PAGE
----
And I really like that you spend more time with an NPC than usual in one of Garry's gamesĖhere a janitor moves around impressively for a PunyInform-sized game and gets a lot of attention without seeming too wise-old-father-figure. There's a small part where you have to go back to ask him for more help, and he gives it, and it was surprisingly hard for me, not because one shouldn't repeat things in adventure games or be expected to, but because Ian generally has caused trouble and doesn't need to bug the janitor, and there's another adult besides his teacher who impedes you slightly. The 13-year-old awkwardness comes through!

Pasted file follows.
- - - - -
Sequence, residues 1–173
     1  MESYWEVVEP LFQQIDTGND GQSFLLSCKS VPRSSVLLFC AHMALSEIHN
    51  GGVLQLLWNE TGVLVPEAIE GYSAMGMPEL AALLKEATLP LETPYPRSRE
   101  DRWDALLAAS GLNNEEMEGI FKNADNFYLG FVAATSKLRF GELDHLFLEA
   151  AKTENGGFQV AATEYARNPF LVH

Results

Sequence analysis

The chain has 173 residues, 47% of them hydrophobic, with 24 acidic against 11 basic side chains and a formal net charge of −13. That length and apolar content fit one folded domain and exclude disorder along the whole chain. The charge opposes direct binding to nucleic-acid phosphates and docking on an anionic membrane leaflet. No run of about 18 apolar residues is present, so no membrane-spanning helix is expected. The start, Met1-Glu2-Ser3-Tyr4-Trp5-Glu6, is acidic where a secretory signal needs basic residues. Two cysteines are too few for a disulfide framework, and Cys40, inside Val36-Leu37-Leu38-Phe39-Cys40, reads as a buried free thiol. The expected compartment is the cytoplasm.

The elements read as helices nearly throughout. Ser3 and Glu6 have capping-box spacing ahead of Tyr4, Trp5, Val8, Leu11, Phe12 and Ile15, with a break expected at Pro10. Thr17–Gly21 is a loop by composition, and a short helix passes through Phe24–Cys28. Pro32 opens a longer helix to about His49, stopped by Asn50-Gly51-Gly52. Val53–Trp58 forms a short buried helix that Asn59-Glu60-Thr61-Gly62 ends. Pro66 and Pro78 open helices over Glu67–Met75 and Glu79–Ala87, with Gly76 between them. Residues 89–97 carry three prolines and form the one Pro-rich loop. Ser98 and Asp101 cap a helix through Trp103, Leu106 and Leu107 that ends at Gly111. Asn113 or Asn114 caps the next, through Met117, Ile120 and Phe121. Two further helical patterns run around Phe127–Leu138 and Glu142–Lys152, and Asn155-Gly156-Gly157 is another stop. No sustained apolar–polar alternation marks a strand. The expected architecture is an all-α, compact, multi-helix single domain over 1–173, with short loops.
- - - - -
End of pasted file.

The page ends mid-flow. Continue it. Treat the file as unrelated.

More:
The puzzles? Well, they seem more straightforward than usual in Garry's games, and that's appropriate given this is a TALP entry. There are a lot of tropes. There are locked doors and drawers and an apparent dead end in a basement, with a secret passage behind a secret passage. In a way, it's been done. There's a safe, too, and finding the combination is strongly hinted. Amusingly, it's one piece of information you do remember from class, so it all makes sense. You won't have to break your brain.

I think MoWH did a good job of establishing tension despite a generous helping of tutorials and hints if you want them. And one thing it reminds me of, too: a lot of Garry's games rely on puzzles that experienced adventures may be acquainted with, and yet at the same time I haven't noticed a lot of repetition or overlap between games, which is impressive in a general sense.

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The Mystery of Winchester High on IFDB